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The Answer to Overworked and Disengaged

  • Jesse Sostrin
Chapter
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Abstract

Chapter 1 DESCRIBED THE COSTS OF chronic disengagement at work. The epidemic wreaks havoc on the quality of our working lives while simultaneously causing a steep decline in the quality and impact of work that can be measured against organizational bottom lines in the billions. Approximately “seventy-one percent of American workers are ‘not engaged’ or ‘actively disengaged’ in their work, meaning they are emotionally disconnected from their workplaces and are less likely to be productive.”1 Specific estimates about the percentage of actively disengaged workers vary, but it is likely as high as 26 percent.2 And the Gallup organization estimates that total employee disengagement costs the US economy as much as $350 billion annually!3

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Notes

  1. 1.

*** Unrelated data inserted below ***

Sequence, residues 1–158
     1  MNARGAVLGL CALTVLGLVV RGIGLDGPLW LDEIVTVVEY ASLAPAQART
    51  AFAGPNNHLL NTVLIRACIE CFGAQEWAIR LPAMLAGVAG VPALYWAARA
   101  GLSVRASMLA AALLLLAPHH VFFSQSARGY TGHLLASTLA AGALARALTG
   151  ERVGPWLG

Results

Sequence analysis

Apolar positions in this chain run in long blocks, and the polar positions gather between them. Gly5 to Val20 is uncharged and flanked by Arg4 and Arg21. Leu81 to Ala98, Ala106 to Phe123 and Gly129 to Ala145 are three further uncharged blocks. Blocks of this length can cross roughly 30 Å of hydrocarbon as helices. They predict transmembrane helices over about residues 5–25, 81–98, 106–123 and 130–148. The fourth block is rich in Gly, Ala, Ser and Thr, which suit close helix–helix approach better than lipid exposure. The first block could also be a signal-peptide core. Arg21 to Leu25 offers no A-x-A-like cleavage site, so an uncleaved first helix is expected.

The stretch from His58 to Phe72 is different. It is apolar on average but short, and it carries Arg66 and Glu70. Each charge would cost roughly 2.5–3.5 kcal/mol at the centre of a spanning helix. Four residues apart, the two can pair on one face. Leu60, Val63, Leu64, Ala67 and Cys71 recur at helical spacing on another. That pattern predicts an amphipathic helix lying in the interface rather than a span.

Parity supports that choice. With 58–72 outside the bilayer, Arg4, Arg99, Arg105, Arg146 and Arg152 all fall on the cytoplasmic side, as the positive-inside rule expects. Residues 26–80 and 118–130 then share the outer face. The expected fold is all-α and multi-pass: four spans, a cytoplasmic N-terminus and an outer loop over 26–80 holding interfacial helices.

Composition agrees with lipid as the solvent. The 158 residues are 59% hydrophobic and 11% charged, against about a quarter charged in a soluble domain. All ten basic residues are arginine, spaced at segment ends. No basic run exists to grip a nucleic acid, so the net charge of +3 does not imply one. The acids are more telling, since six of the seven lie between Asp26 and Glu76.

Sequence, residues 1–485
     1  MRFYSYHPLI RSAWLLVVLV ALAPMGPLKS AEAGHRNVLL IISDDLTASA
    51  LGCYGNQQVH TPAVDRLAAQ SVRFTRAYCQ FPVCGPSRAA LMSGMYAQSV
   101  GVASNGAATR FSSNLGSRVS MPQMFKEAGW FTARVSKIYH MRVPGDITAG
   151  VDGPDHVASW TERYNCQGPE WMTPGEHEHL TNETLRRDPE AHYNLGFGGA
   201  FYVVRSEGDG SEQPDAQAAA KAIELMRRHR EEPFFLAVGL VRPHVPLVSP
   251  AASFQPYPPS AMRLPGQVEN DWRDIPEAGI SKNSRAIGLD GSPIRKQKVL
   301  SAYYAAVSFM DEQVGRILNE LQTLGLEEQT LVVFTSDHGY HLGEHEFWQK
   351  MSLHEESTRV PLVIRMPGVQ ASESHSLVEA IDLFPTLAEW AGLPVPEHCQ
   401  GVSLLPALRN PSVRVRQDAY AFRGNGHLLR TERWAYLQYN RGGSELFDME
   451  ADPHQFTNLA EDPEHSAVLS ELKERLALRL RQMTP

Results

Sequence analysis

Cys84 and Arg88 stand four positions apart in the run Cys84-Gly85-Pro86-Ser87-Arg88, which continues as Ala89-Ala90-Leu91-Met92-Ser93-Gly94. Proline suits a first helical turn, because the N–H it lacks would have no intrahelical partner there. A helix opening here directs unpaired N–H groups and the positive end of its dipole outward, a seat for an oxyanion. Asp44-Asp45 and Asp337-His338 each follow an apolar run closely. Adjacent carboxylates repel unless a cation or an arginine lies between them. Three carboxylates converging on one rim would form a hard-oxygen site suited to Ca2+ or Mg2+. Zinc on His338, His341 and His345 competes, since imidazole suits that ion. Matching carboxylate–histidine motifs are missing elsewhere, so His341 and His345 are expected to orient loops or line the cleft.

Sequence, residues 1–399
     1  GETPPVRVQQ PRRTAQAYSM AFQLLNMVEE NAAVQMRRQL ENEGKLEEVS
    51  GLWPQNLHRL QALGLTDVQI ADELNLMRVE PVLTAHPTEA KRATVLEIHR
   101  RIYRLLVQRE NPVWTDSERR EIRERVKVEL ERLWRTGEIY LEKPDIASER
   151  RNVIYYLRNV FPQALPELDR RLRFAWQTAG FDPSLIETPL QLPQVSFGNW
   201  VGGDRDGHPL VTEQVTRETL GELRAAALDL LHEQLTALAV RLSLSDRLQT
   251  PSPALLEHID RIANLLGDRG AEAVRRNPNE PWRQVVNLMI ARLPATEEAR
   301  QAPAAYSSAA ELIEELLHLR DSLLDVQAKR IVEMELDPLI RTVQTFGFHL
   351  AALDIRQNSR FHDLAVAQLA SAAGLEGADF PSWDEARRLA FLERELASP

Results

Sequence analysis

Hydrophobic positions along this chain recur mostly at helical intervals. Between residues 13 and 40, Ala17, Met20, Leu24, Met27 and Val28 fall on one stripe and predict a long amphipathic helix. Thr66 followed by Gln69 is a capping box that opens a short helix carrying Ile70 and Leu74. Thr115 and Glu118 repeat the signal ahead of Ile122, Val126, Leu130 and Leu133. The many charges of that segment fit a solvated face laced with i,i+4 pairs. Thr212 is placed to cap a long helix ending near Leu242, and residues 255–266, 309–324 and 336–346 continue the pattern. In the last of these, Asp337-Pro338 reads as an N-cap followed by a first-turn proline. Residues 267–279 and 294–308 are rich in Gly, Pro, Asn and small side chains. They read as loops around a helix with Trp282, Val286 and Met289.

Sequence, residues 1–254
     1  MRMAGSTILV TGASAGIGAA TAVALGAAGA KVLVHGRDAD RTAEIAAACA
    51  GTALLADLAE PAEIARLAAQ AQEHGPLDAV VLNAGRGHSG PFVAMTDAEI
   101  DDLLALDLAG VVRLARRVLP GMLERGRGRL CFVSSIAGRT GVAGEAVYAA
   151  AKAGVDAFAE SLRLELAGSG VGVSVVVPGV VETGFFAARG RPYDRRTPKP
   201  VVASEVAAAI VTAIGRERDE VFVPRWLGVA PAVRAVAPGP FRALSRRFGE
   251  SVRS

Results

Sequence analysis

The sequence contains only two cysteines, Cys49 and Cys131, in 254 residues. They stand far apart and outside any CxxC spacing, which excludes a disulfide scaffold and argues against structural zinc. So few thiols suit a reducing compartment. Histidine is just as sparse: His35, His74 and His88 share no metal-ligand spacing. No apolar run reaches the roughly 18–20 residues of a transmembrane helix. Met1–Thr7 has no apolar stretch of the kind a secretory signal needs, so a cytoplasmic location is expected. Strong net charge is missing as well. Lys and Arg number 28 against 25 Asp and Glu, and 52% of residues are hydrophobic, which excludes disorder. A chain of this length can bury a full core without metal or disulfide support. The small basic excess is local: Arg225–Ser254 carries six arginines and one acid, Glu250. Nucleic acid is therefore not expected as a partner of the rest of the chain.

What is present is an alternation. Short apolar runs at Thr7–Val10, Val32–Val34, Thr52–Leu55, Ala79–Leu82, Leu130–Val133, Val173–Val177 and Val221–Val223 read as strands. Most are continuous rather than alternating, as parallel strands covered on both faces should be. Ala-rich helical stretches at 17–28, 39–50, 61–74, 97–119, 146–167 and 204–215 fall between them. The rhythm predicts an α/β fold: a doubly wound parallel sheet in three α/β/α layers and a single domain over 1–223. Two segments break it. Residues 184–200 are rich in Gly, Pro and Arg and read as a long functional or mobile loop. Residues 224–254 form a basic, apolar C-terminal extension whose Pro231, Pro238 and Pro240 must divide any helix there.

Nikki Blacksmith and Jim Harter, “Majority of American Workers Not Engaged in Their Jobs,” Gallup Wellbeing, October 28, 2011, http://www.gallup.com/poll/150383/majority-american-workers-not-engaged-jobs.aspx (accessed on April 18, 2013).Google Scholar
  2. 4.
    An earlier version of this set of four common barriers was first described in Jesse Sostrin, Re-Making Communication at Work (New York: Palgrave Macmillan, 2013).CrossRefGoogle Scholar
  3. 5.
    Alain de Botton, “A Kinder, Gentler Philosophy of Success,” http://www.ted.com/talks/alain_de_botton_a_kinder_gentler_philosophy_of_success.html (accessed on January 7, 2013).Google Scholar

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© Jesse Sostrin 2013

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  • Jesse Sostrin

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